He then shouted “A bus!!!!!”  The bus thus appeared in every subsequent picture taken the rest of Christmas Day.  Holden received some wonderful gifts—a beautiful handmade quilt and knit socks from his Oma, and some puzzles and a very prized book from Grandma.  Holden received Legos for Christmas as well.  We really couldn’t have anticipated how much frustration this would engender:

Holden wants to do so many things on his own, and when he can’t do it, he gets very upset.  I’m the same way—but I don’t cry about it.  I just bitch about it on here. Ha!

Holden also got a bunch of musical instruments for Christmas.  He wasn’t as jazzed about those as I would have expected.  Perhaps their allure was diminished by the yellow school bus.  Only Holden knows.  That said, Holden is amused by the noises he can make with his new instrument:

Our good friends A&S came over for Christmas Day brunch.  We ate berry muffins, omelettes, bacon, and fruit.  We challenged Holden to build a very tall Lego skyscraper:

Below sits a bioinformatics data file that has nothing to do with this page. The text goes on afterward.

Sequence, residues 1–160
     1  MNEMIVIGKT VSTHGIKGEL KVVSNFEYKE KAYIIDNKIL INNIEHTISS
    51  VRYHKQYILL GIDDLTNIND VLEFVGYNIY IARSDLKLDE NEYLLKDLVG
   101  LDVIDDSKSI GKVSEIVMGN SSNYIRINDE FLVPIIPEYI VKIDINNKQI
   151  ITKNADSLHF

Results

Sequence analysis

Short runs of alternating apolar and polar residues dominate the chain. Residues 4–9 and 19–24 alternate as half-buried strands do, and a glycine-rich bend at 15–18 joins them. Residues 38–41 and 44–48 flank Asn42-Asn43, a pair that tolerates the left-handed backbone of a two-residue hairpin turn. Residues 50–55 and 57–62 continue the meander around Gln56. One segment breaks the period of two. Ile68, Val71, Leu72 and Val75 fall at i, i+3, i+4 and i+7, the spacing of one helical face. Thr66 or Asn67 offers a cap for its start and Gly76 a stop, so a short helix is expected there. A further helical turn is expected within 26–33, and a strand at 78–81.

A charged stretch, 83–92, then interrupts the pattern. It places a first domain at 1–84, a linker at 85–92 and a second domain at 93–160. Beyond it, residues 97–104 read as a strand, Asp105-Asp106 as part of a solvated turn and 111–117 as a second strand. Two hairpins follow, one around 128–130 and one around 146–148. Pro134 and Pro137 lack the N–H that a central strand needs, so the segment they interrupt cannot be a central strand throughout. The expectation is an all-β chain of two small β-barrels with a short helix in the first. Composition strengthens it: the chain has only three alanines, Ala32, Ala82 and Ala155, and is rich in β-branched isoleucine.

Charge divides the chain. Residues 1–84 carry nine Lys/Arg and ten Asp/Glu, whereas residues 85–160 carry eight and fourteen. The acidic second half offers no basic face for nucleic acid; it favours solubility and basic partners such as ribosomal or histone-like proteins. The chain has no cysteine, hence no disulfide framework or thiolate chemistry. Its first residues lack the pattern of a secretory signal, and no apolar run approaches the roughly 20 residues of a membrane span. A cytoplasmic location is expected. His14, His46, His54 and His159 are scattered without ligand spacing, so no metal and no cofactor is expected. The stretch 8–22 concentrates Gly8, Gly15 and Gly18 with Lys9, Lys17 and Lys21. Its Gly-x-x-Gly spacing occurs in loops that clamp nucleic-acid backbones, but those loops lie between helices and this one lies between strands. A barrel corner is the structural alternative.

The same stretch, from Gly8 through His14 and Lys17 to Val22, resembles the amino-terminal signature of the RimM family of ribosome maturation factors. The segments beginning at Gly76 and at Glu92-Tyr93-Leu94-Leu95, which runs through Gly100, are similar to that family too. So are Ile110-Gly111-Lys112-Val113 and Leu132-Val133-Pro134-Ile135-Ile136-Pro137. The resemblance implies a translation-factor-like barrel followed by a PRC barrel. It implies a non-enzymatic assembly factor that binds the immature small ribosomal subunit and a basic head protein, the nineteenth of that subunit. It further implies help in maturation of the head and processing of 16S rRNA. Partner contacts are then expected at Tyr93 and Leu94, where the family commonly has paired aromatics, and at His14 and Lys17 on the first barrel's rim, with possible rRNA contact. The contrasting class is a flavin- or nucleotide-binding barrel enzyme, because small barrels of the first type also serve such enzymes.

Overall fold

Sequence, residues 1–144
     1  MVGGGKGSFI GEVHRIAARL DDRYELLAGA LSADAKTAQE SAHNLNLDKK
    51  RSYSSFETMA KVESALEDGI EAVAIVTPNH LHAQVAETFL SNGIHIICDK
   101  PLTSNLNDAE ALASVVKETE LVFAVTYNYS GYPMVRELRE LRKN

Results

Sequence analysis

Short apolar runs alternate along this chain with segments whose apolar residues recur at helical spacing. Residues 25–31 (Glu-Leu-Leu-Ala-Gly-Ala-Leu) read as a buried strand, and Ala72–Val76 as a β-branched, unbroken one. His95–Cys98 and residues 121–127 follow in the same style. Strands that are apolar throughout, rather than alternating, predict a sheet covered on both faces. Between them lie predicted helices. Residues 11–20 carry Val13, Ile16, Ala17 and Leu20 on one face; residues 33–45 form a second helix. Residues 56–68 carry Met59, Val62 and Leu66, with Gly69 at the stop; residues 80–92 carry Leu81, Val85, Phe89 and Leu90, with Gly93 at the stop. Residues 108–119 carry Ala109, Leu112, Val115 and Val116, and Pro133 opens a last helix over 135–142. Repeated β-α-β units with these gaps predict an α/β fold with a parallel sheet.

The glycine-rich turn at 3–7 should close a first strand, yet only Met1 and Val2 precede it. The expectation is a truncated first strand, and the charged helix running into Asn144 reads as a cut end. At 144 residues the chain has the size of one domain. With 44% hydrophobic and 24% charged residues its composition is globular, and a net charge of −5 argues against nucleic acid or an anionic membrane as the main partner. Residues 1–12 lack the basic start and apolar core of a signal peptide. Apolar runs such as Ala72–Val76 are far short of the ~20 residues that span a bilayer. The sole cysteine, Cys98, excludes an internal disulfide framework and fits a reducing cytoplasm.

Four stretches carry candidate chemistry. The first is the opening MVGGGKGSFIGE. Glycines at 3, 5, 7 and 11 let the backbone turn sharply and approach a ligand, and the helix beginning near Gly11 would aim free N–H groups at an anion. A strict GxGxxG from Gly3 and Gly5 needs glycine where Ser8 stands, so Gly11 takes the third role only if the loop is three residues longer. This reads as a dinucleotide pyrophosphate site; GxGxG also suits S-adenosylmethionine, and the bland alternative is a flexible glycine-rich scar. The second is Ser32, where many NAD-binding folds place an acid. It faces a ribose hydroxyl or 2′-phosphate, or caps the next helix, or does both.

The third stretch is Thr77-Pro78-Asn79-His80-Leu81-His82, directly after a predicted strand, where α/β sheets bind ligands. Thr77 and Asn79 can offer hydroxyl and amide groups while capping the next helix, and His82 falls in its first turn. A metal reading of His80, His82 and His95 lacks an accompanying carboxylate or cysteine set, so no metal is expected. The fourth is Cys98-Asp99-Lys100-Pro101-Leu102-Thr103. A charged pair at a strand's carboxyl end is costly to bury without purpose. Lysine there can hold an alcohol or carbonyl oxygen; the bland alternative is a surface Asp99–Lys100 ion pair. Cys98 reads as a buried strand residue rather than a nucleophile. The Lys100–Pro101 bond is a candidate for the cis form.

We watched Lost, read books, listened to music, and ate a simple dinner of pork chops with parsnips and apples.  The day after Christmas we went to the local aquarium/science center.  Holden loves it there and even got to see a special BABY TURTLE exhibit.  The following day we took a trip to Cold Hollow Cider Mill where we got to see apples pressed into cider.  It was really cool!  Holden was fascinated by it!  We sampled their cider donuts, and decided that we really need to try all of the cider donuts that the great state of VT has to offer.  They appear to vary widely from place to place, so we are determined to embark on a mission where we sample sugary deliciousness at all of the different orchards and cider mills in VT.  It’s sort of like having a goal of going to all of the national parks in the U.S.  Except replace “U.S.” with “VT.”  And replace “national parks” with “donuts.”  Mmmmmm.